6 Branding Challenges Faced by Small Businesses

Talk to any small business expert – branding is a huge part of any business. Establishing the proper brand can make or break your business. What is a brand? Off the top of your head, it might be your logo, your signage, or the other physical items you’ll need to market and sell your product or service. Branding is so much more than that! Consider it a promise made to your customers that can let them know what they can expect from your small business and what makes you stand out from the rest. Your logo, marketing materials, website, and more should work to support this.

Consider some of the largest brands in the world. How do you think they got successful? While accidents can and do happen, deliberate and planned brand strategies are primarily responsible for making businesses successful. For small business, brand strategies pose larger challenges. There is no plug-in formula that makes sure a business is successful. Branding is art, it is trial and error, and it’s crafting something new and different. When a company has a lot of money and an established fan base, branding looks one way. For a small business with limited resources and a small staff, branding looks a lot different.

First, Let’s Break Down Branding

Let’s keep it quick! What is branding? This information is everywhere. While a brand may be associated with your logo, the product or service that you’re offering, your website, your business name, or your packaging, but a brand is so, so much more than that. What you are is the essence of your brand. When a brand is done absolutely correctly, it transcends the design of your logo, website, or ads.

For small businesses, there are some additional challenges to branding that established brands don’t yet have to change. When you have an idea you’re excited to get off of the ground, the nuances of branding are not as essential as creating a product and crafting your customer base. The longer that anyone goes without defining their brand, the more difficult it becomes. If you’re unsure of what it is that makes your business different and how you stand out from the competition, then how can you define it for the future?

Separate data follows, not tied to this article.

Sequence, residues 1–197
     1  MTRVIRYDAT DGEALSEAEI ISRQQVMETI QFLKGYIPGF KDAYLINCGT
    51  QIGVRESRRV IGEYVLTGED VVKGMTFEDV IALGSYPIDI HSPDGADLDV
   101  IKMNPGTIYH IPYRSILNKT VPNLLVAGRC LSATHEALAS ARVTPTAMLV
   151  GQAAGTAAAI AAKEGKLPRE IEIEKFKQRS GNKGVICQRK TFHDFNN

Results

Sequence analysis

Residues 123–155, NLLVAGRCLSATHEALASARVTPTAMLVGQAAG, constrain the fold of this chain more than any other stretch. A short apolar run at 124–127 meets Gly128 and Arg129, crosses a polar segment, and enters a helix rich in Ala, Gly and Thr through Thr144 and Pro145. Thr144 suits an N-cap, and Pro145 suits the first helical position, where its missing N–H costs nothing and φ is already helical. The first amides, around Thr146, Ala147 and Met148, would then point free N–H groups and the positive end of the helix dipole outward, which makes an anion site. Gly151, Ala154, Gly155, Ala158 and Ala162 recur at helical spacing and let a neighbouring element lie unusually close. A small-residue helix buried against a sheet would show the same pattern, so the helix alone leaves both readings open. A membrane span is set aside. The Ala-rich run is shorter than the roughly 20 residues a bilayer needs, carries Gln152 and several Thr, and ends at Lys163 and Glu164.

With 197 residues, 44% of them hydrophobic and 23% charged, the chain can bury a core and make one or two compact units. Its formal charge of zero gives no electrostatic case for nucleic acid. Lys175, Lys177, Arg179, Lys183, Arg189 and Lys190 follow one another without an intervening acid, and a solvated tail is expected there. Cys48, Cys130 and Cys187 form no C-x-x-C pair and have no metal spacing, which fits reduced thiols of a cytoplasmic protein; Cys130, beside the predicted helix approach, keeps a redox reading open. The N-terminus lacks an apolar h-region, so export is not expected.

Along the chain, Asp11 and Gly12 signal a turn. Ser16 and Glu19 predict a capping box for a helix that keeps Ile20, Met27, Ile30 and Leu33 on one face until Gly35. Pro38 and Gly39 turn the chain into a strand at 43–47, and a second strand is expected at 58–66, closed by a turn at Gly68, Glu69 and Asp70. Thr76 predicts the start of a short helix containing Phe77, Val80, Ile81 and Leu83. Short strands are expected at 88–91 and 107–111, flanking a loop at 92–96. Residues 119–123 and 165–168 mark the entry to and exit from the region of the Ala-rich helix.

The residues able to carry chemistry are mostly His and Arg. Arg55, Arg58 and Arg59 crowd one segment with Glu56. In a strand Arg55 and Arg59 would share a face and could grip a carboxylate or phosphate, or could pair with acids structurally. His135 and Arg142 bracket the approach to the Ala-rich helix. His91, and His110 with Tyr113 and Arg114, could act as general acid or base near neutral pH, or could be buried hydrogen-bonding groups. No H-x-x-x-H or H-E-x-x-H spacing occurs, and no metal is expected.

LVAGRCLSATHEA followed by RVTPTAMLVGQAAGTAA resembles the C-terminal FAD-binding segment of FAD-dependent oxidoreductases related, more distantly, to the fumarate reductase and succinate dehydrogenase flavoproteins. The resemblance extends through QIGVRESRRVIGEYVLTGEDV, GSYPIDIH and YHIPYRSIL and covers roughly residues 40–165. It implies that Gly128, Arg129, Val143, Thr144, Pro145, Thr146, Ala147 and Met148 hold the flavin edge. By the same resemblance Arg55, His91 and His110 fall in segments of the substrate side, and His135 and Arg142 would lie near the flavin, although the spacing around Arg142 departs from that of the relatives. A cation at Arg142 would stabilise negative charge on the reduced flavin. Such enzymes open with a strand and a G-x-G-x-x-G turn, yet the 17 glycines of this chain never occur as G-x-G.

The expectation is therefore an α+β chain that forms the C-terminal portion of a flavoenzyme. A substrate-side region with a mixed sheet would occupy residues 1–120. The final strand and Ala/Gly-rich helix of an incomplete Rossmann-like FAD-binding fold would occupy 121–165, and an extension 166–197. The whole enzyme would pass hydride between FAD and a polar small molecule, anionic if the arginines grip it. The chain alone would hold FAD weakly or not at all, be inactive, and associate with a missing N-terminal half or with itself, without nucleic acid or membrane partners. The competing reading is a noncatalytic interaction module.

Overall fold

So What Do Small Businesses Have to Overcome?

Bigger brands got to where they are for a reason – they’ve tapped into a needed market, made a name for themselves, and crafted a brand that sticks. Small businesses, with limited resources, have to work a little harder to reach a point where brand establishment and recognition is second nature.

  1. Correctly defining your brand’s purpose and what makes it different

The purpose of your brand is best described as what you do on a day to day basis that makes you different. A strong brand purpose is able to help a business owner make decisions to support that purpose and improve the satisfaction of interactions between the business and customers. When you’re small and starting out, you’re likely to be more interested in getting things up and running, not deeply considering exactly what makes your brand different than others. However, for a moment, take the time to consider this and how it can propel your brand forward. Establishing this early and using this as your driving factor can make a world of difference when it comes to everything from your logo, other designs, and driving your business forward. Especially as a small business, what are you bringing to the table to keep people choosing you over and over?

  1. Keeping all brands consistent

Brand consistency refers to a lot more than simply using your logo and brand colors on marketing materials; brand consistency is ensuring that your marketing message, logo, design, brand difference, and more is conveyed through every single aspect of your business. When you ask someone, “What does my company stand for?” they should have an answer since it resonates through everything. Consistency is key! It establishes credibility and recognition. Letting your branding slip begins a slope of confusion.